A brief review of the two ETFs shows the greatest discrepancy between the two investment styles is the different sector allocations of several key S&P 500 sectors including the Technology, Financial, Communication Services, and Healthcare. It is also apparent that the top six market cap weight stocks in IVW (i.e., MSFT, AAPL, AMZN, FB, GOOGL, and GOOG) is almost identical to the top six market-cap stocks in S&P 500 Index (SPX). This would then support the premise that large-cap growth investing or namely large-cap Technology investing remain one of the primary drivers to the strong overall returns of the SPX Index as well as the NASDAQ NDX Index.
Technically speaking, S&P 500 Growth ETF (IVW – 194.41) continues to outperform S&P 500 Value ETF (IVE – 106.06) on a price basis as IVW has appreciated 38.48% from its 3/23/20 low as compared to IVE, which has gained 31.00% from its 3/23/20 low. Also, IVW has outperformed IVE on several key technical metrics including relative strength vs SPX (0.0658 vs 0.036), price momentum, and SCTR technical scoring (90.8 vs 33.7). IVW has also surpassed its 10-wk ma (177.29), 30-wk ma (186.97), and the pivotal 61.8% retracement (183.70) from Feb-Mar 2020 decline. The above technical developments reaffirm IVE’s leadership role and hint of a retest of its all-time time high of 210.47 (2/19/20).
Although IVE (106.06) has managed to find key support at 80.96 (3/23/20) rebounding above its 50% retracement (77.12) from the 2009-2020 rally it still needs to clear convincingly above its key intermediate-term resistance zone at 111.83 (61.8% retracement from Feb-Mar 2020 decline) as well as surpass its 30-wk ma (116.58) to confirm the start of a sustainable intermediate-term recovery. However, it is interesting to note the relative strength vs SPX technical indicator is nearing the pivotal Feb/Mar 2009 bottoms. The ability to maintain above this key support zone hints at the start of a deeply oversold rally, at least from a near-term perspective. Also, the MACD momentum indicator has fallen below its 2008 lows. This again hints of a deeply oversold condition. The SCTR technical score (33.7) is also declining rapidly toward its 2010/2017/2018 lows. The ability to find support can trigger an oversold rally.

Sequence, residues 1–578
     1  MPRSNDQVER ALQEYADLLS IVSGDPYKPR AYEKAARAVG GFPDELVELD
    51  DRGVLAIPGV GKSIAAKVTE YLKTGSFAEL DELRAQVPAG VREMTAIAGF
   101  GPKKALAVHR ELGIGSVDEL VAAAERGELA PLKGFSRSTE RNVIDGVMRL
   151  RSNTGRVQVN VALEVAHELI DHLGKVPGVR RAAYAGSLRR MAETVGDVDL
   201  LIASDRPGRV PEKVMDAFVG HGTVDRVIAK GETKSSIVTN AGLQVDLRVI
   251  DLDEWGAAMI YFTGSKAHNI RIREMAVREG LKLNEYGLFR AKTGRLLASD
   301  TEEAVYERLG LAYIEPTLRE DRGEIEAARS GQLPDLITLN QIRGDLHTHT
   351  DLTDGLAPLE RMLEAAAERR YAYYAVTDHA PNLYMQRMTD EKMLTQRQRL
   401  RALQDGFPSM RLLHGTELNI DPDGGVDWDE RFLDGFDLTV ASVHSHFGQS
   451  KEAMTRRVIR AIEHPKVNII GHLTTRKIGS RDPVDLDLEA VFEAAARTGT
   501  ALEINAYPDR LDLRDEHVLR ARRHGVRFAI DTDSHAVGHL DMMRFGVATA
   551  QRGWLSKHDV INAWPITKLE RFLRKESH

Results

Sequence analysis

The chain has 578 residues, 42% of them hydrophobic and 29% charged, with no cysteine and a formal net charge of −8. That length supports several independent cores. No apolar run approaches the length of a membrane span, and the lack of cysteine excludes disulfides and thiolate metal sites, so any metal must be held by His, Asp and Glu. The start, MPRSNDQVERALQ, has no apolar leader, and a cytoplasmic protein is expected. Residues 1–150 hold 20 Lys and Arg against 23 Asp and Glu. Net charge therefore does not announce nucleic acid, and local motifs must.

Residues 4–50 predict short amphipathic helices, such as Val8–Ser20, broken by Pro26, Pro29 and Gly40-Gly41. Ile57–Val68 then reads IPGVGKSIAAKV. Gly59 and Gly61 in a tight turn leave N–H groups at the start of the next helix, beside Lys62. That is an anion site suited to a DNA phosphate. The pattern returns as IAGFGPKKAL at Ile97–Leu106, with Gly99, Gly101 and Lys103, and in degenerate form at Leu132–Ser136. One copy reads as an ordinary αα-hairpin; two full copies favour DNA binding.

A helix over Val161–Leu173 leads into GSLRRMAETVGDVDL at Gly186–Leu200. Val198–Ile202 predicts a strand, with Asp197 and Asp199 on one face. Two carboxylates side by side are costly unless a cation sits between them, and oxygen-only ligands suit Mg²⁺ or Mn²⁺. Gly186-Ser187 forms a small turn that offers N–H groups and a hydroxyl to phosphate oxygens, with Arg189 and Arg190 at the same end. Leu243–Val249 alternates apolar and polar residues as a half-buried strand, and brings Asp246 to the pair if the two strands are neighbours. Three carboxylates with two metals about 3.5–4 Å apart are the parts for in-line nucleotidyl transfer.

In summary, the above analyses suggest the continued market leadership role of large-cap growth investing (IVW) over large-cap value investing (IVE). IVW appears headed toward a retest of its Feb 2020 all-time high. Although IVE is trading at deeply oversold levels and can also generate near-term technical oversold rallies to its 61.8% retracement from Feb-Mar 2020 decline and possibly to its 30-wk ma it is too early to confirm a sustainable intermediate-to-longer term shift in relative performances from large-cap value growth investing toward large-cap growth value investing.
Nonetheless, we will be closely monitoring the IVW/IVE ratio analysis for technical signs of a pendulum shift from one investment style to the next. Note the large-cap growth (IVW) to large-cap value (IVE) ratio is at 1.906. This is the highest reading recorded and has just surpassed the 2000 Tech/Telecom cycle high when the ratio traded to 1.853. Is this a major technical breakout signaling the start of the next major outperformance cycle in Growth over Value and in particular Secular/Structural Growth stocks? Or is this a warning of a deeply overbought condition in the Growth vs Value cycle?
For your review, attached below are the S&P 500 Growth ETF (IVW), S&P 500 Value ETF (IVE), and IVW/IVE ratio analysis.